General Comments
    I am DETERMINED to get my PPL! I admit I will be one of those ‘Weekend Warriors’ who want to fly simply for the pleasure of ‘being up there’. My wife has stated in no uncertain terms that she’s not going to fly with me, she hates motorcycles, small boats, and light aircraft. He hates me going out to town or the hardware store or the bank on my scooter, so thoughts of coming with me from the island of Cyprus across to the Greek island of Rhodes or over to Beirut is ‘wishful thinking’ – to say the least. My ideal aircraft is one of the new VLSA breed, preferably with electronic fuel injection, electronic ignition and glass instrument panel. At my age I guess I have to accept that I’d better do it now before one of the Health & Safety rules forbid me even though my health is good. In this respect I have to applaud the UK where for simple aircraft and pleasure flying you only need the same level of certification as for driving a car.

    Drop-Out rate
    When I started my course there were 17 students. There are now only 3. With the exception of myself, the others were much younger, in their late teens to late twenties. Since cost was obviously not a factor with these other students – at least judging by the cars that they used – why did they drop out? I can well see that with governments wanting ever more intrusive controls – all in the name of security, of course – that unless we can reverse this decline then within a few years Private Pilots may be an extinct species. Equally, when a certain ‘official’ expresses the opinion that if he had his way there would be no such thing as a private pilot, that they were a nuisance, then it is a wonder that there are ANY GA pilots left!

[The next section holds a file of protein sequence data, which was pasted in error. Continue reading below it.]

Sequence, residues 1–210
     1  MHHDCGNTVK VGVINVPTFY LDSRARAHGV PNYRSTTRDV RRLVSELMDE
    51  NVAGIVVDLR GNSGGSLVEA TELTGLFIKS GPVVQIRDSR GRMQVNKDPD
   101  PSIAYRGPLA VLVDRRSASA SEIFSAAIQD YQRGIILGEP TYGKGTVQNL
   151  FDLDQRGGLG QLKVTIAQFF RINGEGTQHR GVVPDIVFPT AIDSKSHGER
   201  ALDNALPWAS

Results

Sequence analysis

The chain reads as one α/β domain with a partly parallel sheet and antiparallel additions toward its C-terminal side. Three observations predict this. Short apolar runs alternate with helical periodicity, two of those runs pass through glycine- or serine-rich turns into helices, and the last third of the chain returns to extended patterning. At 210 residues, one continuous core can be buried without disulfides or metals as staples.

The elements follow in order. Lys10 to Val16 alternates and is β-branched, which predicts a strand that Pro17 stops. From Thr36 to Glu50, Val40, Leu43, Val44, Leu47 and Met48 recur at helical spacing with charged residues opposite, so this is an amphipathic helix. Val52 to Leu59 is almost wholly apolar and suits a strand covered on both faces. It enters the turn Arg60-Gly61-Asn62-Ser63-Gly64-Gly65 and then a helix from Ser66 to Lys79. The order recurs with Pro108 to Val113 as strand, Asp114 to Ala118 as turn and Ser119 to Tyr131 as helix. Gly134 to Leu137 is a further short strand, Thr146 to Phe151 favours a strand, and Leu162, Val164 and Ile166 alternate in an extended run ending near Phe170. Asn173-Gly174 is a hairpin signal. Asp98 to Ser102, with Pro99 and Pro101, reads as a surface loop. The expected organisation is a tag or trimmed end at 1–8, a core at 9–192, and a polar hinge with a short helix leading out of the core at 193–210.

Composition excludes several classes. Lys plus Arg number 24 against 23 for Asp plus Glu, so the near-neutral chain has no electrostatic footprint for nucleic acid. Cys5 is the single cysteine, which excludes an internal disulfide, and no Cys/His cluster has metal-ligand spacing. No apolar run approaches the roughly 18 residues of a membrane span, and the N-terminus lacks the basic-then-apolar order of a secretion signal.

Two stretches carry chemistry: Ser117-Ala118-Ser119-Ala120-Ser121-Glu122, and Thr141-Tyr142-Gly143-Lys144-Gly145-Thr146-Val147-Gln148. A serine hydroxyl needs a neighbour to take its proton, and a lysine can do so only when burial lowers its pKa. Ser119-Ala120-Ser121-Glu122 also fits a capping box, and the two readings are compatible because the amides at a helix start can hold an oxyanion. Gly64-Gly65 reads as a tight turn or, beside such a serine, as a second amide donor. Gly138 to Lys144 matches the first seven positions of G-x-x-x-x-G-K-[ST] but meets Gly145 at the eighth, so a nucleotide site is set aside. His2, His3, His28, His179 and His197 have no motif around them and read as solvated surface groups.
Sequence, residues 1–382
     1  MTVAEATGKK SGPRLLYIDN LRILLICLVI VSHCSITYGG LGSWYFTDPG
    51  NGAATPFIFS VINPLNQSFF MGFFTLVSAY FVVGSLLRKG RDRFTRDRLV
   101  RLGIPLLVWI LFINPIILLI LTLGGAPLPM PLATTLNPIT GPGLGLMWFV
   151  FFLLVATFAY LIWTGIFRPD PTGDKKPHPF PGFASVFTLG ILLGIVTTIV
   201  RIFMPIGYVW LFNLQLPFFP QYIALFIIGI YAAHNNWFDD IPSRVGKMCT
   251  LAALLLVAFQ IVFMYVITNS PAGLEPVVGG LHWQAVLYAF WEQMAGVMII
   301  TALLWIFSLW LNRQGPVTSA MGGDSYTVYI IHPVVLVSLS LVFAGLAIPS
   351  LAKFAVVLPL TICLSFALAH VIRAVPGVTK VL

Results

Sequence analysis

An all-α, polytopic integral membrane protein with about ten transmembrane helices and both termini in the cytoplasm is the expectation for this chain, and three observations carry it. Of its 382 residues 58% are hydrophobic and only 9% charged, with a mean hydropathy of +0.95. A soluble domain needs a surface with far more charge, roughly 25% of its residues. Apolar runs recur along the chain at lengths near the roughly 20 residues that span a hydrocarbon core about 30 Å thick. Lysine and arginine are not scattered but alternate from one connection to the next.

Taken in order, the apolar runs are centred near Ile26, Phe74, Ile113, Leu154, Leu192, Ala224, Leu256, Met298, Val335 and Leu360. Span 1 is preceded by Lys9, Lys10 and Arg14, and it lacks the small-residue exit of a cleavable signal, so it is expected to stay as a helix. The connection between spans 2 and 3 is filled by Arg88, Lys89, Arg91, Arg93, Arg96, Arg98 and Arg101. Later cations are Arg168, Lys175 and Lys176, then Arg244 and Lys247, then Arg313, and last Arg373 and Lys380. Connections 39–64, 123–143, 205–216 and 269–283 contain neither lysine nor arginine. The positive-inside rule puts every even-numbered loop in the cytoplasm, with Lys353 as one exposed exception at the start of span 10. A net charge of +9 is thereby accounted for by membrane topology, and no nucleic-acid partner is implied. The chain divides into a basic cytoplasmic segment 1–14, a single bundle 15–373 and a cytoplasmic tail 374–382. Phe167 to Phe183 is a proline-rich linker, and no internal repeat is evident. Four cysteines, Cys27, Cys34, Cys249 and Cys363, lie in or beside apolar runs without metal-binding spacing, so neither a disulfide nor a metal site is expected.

Adrian Ryan

  • There is no question that cost is a major factor. When I started flying in the early 1950s, the J-3 Cub, with instructor, cost $7/hr and my first aircraft cost $600. Now a single engine aircraft full of unnecessary avionics bought and flown by people who often do not know how to use the stuff or how to fly costs more than a good home. Another discouraging factor is all the mostly senseless regulations. Now there are gates around airports. But I don’t see mention of the change in attitude and lifestyle of people during the last decades. People sit passivly in front of TV sets watching others live and spend their lives doing video games instead of doing things themselves. College kids speak to their parents several times a day and don’t know how to run their own lives. Now all you need is money and you can buy anything; you can be the first on your block to make a trip to near space for so many kilo-bucks. Airplanes are not just for practical purposes, they let you fly. The romance of aviation is gone and people no longer have a desire to fly for the pure pleasure of it.